A year ago we looked at how mobile hotel traffic measured in our overall traffic landscape, and predicted continued growth for the device. 12 months later, mobile has continued on its growth trajectory but revenue levels haven’t quite caught up to desktop and travellers’ confidence remains a large stumbling block on mobile.

In this article we’re going to explore the current traffic and website statistics for Net Affinity clients and what hotels need to do to get the most from mobile sales in 2018 and beyond.

What We’re Seeing

Website Visits: Mobile continues to dominate site traffic. As of March 2018, 60% of sessions are on mobile devices (an increase of 13% on last year), with both desktop and tablet in a continued decline. In general, according to a recent report from Ericsson, between 2016 and 2022 the traffic generated by smartphones will increase tenfold!

Revenue: Desktop is steadily losing ground but remains the largest source of revenue at 56% for Q1 2018 (down 6% on last year). The strong revenue is in part related to the higher average booking values achieved on desktop, with a 23% difference in ABV between mobile and desktop.

Tablet has been on a continued plateau since Quarter 4 2016 with very little movement in terms of traffic and revenue share and only a marginal decline in transaction volume.

What Does This Mean for Hotels?

While desktop devices continue to deliver the bulk of the revenue, mobile should be ignored at your peril. We are seeing significantly higher growth levels in revenue on mobile than on any other device with mobile revenue up 43% for Q1 2018 versus 24% on desktop. In the US 40% of travel sales came from mobile in 2017 and mobile commerce now accounts for at least half of total e-commerce spend in 5 categories – toys & hobbies; video games & accessories; music, movies & videos; jewellery & watches and flowers & gifts.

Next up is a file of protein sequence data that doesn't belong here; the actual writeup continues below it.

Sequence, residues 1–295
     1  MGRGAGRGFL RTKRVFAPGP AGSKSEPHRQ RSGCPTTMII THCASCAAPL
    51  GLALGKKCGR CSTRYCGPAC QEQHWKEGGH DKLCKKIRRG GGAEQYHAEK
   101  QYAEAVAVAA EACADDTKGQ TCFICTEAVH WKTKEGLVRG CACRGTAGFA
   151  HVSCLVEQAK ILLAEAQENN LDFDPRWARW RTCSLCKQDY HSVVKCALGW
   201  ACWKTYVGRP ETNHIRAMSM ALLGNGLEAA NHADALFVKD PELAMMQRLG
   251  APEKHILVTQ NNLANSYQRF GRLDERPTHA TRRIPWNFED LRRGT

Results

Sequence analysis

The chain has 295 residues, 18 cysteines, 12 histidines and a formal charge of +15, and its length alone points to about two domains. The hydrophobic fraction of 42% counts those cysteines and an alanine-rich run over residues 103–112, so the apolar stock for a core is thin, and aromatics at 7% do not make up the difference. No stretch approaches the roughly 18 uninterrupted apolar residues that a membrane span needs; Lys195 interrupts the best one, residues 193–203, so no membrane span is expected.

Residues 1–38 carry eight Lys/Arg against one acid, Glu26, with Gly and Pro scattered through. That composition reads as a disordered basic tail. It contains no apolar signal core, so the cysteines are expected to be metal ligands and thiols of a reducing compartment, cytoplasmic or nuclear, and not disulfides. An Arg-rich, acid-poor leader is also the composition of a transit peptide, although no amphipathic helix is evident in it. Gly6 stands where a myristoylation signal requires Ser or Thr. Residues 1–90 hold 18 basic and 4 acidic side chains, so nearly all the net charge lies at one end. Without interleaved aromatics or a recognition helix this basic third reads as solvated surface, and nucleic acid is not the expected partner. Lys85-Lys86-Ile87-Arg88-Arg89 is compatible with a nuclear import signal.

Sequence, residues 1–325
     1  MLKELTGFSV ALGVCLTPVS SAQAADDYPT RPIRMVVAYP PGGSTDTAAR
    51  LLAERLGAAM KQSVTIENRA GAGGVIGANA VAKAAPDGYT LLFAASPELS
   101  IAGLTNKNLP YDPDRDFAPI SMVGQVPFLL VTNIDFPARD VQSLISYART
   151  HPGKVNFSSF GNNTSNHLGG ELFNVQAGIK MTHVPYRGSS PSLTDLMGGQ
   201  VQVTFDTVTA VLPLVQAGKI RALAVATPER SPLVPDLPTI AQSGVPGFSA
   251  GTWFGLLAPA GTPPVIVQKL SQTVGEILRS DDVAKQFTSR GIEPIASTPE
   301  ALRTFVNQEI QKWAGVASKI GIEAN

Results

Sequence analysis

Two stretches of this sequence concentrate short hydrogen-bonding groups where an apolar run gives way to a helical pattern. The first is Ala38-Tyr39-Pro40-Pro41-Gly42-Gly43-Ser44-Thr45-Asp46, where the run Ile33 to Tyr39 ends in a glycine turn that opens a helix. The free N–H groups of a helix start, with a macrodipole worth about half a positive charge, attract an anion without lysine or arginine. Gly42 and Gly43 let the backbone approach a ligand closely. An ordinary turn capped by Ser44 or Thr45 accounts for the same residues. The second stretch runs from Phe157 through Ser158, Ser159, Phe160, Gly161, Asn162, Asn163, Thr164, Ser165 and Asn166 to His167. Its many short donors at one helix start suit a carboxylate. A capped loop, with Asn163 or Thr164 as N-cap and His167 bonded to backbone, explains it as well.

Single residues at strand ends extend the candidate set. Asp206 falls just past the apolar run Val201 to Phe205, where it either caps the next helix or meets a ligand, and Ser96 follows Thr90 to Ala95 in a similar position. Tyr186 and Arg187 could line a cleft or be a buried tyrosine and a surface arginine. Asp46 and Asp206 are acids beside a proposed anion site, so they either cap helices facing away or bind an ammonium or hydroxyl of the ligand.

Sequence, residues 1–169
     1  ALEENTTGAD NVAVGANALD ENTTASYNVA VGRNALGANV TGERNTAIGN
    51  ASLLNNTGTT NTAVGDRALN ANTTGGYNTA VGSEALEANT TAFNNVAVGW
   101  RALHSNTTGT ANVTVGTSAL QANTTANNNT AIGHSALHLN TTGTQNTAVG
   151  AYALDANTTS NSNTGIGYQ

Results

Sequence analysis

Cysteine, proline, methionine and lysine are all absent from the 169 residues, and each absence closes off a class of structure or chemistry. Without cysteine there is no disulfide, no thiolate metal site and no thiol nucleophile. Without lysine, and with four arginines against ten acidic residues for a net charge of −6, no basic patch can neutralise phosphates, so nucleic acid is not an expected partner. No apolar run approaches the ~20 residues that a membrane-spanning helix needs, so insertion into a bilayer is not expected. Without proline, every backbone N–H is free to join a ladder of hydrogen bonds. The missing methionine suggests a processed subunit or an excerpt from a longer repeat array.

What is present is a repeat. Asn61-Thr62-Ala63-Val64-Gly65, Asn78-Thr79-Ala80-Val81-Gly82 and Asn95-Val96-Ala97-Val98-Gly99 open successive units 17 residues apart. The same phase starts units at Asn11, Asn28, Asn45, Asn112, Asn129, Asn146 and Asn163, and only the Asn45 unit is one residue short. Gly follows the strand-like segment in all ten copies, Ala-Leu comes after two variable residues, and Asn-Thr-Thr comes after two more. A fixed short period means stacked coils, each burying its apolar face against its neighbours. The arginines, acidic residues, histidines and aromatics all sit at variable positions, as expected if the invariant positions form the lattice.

According to the latest Travel Flash Report by Criteo , mobile also accounts for 45% of bookings for OTAs.

Mobile Performance Hinges on Confidence

In a recent study by Google 55% of surveyed travellers found they have too many sources of travel information to check before making a decision. In addition, a third of those surveyed stated they feel uncomfortable researching and booking travel on their mobile device.

Offering a secure, easy to use mobile experience to your site visitors can alleviate some of the stress they experience when trying to book on mobile. According to Criteo, 32% of hotel bookings were preceded by a click on another device, so if your mobile users decide to switch to desktop to complete their booking, it is crucial the information you offer is consistent across all devices.

For more information on increasing mobile conversion see our 5 tips here.

Conclusion

Mobile hotel traffic continues to grow but revenue is still lagging behind desktop for a vast majority of hotels. We are starting to see isolated cases where mobile is now delivering over 50% of the revenue and we are expecting to see this become more widespread in the near future so is your site ready to offer a great experience to mobile visitors? Find out what you can do with our handy resource to combat mobile cart abandonment.